Scotland’s proposal to introduce a minimum unit price for alcohol is contrary to EU law if “less restrictive” tax measures can be introduced, according to the European Court of Justice.

In today’s (Wednesday) judgement, the Court of Justice said minimum pricing would significantly restrict the market and recommends an alternative tax measure designed to increase the price of alcohol.

However, it said it was ultimately for the national court in Edinburgh to determine whether raising tax levels would be as effective as minimum unit pricing.

The legislation to introduce a 50p minimum unit price was passed by the Scottish Parliament in 2012, but the Scottish Whisky Association launched a legal challenge because it believed the proposals breached European law.

David Frost, SWA chief executive, said: “We welcome the European Court’s ruling. The SWA always said European Union law issues were central to this case, and so it has proved. This settles EU law issues once and for all.

“The Court has confirmed that minimum unit pricing (MUP) is a restriction on trade, and that it is illegal to choose MUP where there are less restrictive ways of achieving the same end.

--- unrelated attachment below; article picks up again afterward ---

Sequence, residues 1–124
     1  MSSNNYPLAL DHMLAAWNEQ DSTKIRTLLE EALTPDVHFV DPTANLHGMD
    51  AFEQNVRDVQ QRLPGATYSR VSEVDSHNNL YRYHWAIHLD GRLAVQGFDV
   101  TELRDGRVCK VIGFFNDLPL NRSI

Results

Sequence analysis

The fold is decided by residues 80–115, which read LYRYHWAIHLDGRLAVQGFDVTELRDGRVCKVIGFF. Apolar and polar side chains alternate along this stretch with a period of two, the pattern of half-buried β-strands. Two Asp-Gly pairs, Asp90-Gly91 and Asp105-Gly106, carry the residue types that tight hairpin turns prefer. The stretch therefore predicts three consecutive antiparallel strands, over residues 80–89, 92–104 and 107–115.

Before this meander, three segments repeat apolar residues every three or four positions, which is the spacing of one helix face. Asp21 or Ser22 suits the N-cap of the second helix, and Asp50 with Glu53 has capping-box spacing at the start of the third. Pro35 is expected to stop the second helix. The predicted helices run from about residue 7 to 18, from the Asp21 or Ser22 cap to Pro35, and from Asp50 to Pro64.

“The Scottish courts will now reflect on the implications of the ruling and all the evidence, before issuing a final judgement.”

Scottish health secretary Shona Robison said: “This ruling from the Court of Justice of the European Union indicates, importantly, that it will be for the domestic courts to take a final decision on minimum unit pricing.

“While we must await the final outcome of this legal process, the Scottish Government remains certain that minimum unit pricing is the right measure for Scotland. We believe it is the most effective mechanism for tackling alcohol misuse and reducing the harm that cheap, high-strength alcohol causes our communities.”